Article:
I used to think of Steve De Jarnatt’s magnificently oddball Miracle Mile as one of the most achingly romantic movies I’d ever seen. My younger self, experiencing it for the first time, saw it as a “boy meets girl” story spun out to its most rapturous extreme—a story of souls fused in the belly of nuclear fire. Many years and multiple viewings later, it feels a lot less straightforward. Roger Ebert closes his enthusiastic review of the film with an observation: “If there’s ever an hour’s warning that the nuclear missiles are on the way, thanks all the same, but I’d just as soon not know about it.” At one level, Miracle Mile is the story of a solipsistic young man’s attempt to make that decision for a woman he barely knows, using deception to selfishly separate her from family in what might be their last hour on earth. At another, it’s a perfect time capsule—its finger unerringly on the pulse of a society that had been taught not to let the threat of nuclear holocaust keep it up at night. But boy, those nightmares.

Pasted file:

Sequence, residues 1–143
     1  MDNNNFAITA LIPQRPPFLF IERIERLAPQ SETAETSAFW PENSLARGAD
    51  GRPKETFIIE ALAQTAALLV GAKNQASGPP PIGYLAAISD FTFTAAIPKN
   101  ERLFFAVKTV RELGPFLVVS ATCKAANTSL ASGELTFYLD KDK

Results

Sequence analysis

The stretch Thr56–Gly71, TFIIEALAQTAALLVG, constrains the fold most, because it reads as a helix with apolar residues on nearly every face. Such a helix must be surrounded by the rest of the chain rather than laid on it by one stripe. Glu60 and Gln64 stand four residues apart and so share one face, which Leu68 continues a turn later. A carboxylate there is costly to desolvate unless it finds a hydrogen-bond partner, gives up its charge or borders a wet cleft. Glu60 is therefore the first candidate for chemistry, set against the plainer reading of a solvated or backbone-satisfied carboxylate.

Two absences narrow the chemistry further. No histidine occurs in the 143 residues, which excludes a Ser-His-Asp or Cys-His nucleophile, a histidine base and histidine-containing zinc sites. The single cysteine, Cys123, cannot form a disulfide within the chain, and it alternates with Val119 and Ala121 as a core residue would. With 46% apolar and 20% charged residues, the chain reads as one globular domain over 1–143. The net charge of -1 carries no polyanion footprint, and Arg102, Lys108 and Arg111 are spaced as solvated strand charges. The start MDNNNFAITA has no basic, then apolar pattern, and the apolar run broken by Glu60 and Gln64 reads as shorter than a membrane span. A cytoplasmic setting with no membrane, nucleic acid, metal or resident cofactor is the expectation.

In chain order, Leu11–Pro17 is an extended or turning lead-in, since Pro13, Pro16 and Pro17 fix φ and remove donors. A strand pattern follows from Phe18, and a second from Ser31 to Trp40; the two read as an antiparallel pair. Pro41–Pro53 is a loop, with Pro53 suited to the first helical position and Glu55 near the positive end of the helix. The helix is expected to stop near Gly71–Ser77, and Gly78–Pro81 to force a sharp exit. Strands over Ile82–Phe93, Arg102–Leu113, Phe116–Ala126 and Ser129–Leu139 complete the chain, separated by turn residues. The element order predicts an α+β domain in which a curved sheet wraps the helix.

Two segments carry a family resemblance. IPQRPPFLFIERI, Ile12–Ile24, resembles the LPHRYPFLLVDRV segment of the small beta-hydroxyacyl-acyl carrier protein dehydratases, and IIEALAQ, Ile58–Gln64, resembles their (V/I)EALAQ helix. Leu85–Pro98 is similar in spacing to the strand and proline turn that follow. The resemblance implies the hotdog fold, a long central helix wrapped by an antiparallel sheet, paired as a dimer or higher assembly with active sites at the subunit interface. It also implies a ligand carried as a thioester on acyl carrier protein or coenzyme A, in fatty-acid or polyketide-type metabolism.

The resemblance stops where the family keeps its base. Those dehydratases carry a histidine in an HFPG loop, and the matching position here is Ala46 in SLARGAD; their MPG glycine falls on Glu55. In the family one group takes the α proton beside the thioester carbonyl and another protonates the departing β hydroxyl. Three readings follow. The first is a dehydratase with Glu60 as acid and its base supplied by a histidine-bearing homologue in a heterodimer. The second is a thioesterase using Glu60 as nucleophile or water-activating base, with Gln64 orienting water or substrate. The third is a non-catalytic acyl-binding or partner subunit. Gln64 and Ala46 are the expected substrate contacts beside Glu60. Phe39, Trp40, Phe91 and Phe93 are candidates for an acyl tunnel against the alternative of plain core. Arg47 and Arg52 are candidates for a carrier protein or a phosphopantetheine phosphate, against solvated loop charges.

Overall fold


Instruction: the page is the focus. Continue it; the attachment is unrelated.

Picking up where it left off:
This one begins like a pleasantly hazy post-pubescent fever dream. Anthony Edwards, his star freshly ascendant off Revenge of the Nerds and Top Gun, plays musician and awkward romantic Harry Washello. In a languid opening montage at the La Brea Tar Pits in Los Angeles, he meets cute with the equally dorky Julie (a terrific Mare Winningham), hitting it off with the proto-Manic Pixie Dream Girl all afternoon. They resolve to meet after her late shift at an all-night diner on the Miracle Mile stretch of Wilshire Boulevard, but a missed alarm causes him to arrive too late to catch her. That’s when things take a shocking U-turn into the Twilight Zone, as Harry answers a call meant for someone else at the payphone outside the diner, only to hear that America’s nukes had been launched and the retaliatory strike will hit L.A. in an hour. Naturally, Harry sets out to retrieve his girl from her grandmother’s nearby apartment and escort her to a rooftop helipad, where a chopper would presumably take them to safety.